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A Glorious Revolution

by Björn Schöpe
courtesy of Barbara Balz / World Money Fair

At the first glance, this marriage looks perfectly normal: Mary Stuart, niece of the King of England, marries William III of Orange, Stadtholder of the Netherlands. This union of two dynasties is celebrated by Mary’s uncle with a splendid medal. For the contemporaries, however, there was much more to that event – and its consequences were tremendous.

Charles II (1660-1685). Silver medal, no year, by N. Chevalier on the marriage of Mary II and William III of Orange (1677). Eimer 256. From Künker auction 183 (2011), 1723.

Charles II (1660-1685). Silver medal, no year, by N. Chevalier on the marriage of Mary II and William III of Orange (1677). Eimer 256. From Künker auction 183 (2011), 1723.

In the years before the marriage, the political situation in England had been complicated: Except for Charles II and Mary, his niece, almost all members of the royal family were Catholic. The Anglican subjects felt how the hand of the Pope, whom they abhorred, reached out for their country. The king had to exclude his brother from succession, by which he appointed the Protestant Mary as the next queen. For the Anglicans, the prospect of a non-Catholic future made the present easier to bear, as well.

King James II of England. Nicolas de Largillière, 1686. Source: Wikipedia.

King James II of England. Nicolas de Largillière, 1686. Source: Wikipedia.

But things turned out differently after Charles’ death. His younger brother James ascended to the throne without meeting any resistance. His position seemed secure. A standing army and safe revenues left no doubt that the Catholic king firmly held the reins of power. Also in foreign policy, England played safe, being allied to France, the most powerful country in Europe. Paradoxically, it was this very constellation that led to James’ deposition and the so-called Glorious Revolution.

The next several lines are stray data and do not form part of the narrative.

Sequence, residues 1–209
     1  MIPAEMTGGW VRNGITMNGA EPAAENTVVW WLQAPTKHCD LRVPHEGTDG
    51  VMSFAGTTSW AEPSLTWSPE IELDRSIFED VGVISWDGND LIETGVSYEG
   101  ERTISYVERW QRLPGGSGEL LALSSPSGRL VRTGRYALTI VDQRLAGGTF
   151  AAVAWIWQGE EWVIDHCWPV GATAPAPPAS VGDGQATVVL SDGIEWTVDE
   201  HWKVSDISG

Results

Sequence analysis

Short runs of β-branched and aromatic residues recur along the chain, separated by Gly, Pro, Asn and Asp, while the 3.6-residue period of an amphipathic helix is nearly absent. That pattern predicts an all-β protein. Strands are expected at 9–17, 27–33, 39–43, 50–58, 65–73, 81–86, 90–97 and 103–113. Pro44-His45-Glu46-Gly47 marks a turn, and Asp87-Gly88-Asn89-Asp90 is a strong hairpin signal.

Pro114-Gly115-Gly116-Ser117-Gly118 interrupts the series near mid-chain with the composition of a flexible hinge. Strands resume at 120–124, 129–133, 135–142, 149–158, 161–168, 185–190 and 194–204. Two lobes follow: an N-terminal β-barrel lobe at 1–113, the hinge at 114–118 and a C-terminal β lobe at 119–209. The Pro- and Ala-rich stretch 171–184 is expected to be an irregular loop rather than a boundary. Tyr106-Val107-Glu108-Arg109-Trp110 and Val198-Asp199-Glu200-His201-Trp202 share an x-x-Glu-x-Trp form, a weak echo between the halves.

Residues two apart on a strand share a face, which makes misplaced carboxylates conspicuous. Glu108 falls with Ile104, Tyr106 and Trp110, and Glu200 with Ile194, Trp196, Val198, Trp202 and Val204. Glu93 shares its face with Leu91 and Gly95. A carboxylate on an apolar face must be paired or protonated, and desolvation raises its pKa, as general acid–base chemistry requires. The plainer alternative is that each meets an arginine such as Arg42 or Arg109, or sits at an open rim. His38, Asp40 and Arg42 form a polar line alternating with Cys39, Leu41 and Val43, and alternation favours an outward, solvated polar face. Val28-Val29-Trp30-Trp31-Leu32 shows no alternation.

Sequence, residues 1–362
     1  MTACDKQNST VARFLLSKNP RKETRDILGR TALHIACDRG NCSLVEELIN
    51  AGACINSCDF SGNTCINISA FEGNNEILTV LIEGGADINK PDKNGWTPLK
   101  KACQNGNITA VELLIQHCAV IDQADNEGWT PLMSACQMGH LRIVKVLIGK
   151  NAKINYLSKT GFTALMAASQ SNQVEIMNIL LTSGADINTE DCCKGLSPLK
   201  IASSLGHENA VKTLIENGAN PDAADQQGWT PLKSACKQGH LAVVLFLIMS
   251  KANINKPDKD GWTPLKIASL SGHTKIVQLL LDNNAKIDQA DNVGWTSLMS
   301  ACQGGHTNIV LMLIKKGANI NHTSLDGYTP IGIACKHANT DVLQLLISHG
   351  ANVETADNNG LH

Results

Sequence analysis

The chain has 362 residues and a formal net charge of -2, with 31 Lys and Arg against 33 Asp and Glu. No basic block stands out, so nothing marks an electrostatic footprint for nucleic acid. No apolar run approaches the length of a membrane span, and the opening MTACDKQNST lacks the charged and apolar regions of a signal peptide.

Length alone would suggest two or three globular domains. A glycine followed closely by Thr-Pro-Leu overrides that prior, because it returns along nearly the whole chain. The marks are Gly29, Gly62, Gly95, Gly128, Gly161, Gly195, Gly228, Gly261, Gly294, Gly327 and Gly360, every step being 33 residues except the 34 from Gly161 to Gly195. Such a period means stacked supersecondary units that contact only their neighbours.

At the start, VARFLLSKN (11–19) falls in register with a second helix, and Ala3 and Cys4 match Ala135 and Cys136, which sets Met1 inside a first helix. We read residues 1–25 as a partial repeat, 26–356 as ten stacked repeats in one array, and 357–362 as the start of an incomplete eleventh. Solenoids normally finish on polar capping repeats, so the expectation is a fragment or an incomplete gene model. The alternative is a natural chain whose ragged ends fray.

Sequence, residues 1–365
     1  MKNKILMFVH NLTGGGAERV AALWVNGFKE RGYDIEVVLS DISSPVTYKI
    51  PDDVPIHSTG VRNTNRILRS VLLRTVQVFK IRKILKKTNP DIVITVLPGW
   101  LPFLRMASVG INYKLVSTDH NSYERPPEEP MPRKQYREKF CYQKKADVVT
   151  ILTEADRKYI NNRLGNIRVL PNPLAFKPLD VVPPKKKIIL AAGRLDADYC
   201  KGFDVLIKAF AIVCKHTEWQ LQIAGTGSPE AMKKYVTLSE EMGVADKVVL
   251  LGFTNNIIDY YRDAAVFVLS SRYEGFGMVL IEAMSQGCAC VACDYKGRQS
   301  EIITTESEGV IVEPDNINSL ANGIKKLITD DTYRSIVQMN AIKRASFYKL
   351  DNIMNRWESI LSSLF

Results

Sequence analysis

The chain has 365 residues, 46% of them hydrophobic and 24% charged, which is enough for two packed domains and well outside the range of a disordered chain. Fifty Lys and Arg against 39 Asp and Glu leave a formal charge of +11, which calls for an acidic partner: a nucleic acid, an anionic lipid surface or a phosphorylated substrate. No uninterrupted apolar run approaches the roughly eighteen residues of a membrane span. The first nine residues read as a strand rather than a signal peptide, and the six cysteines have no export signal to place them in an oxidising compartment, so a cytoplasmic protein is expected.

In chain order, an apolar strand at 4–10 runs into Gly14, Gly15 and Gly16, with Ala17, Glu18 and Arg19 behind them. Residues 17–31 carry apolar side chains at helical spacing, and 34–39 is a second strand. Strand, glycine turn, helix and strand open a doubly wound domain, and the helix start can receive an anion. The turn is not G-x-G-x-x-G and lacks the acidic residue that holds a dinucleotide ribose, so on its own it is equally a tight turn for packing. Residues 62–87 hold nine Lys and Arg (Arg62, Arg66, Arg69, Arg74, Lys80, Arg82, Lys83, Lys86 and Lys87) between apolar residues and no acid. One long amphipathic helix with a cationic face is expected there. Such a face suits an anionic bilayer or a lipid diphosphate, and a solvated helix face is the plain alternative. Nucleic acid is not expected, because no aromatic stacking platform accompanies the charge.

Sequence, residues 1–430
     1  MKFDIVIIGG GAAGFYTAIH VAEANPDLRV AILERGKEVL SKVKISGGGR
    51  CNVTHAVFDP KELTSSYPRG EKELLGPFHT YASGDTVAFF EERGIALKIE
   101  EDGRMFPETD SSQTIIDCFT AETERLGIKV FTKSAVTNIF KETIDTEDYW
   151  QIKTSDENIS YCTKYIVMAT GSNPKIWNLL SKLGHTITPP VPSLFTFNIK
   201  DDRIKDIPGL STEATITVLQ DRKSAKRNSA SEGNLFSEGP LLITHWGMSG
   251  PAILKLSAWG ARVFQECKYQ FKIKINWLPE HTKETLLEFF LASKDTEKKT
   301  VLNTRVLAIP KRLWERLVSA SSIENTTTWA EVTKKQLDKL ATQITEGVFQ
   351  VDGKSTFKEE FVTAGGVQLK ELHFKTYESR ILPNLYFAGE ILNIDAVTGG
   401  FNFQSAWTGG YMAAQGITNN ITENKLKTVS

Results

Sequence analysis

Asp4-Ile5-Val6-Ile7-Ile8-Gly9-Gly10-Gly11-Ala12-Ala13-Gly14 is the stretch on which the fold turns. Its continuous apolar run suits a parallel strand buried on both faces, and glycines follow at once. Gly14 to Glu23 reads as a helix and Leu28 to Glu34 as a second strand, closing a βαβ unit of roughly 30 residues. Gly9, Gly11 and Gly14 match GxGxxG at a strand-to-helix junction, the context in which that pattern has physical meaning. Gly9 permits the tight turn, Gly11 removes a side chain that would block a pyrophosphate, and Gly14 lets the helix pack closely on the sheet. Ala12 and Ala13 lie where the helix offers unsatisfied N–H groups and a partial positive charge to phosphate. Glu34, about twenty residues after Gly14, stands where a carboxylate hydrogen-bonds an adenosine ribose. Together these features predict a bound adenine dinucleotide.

By many in England, James’ policies were perceived as the feared attempt to re-Catholicise the country and impose absolute rule. Thus, in a secret letter, a group of nobles invited William III of Orange, the husband of Mary – niece of King Charles II and heiress presumptive –, to take over from James as king. The Dutch prince seized the opportunity, allegedly on grounds of succession rights. As a matter of fact, William, leader of Protestantism, had realised how he could weaken his arch-enemy, the Catholic king of France: By “taking over” England.
Favourable winds allowed to cross over to England in the middle of winter 1688. James left the country without putting up any resistance and sought refuge in France. In an unusual double coronation ceremony William and Mary were jointly crowned King and Queen of England on 11 April 1689. Parliament had succeeded in securing important concessions, and the advocates of a parliamentary system saw that as a Glorious Revolution. In fact, there had been no bloodshed, but the process could hardly be called revolutionary. England continued to have a monarch who would always have to negotiate the balance of power anew.

This article was written for the catalogue of the World Money Fair 2012 whose Guest of Honour was Great Britain. More on the World Money Fair 2012 you can read here.

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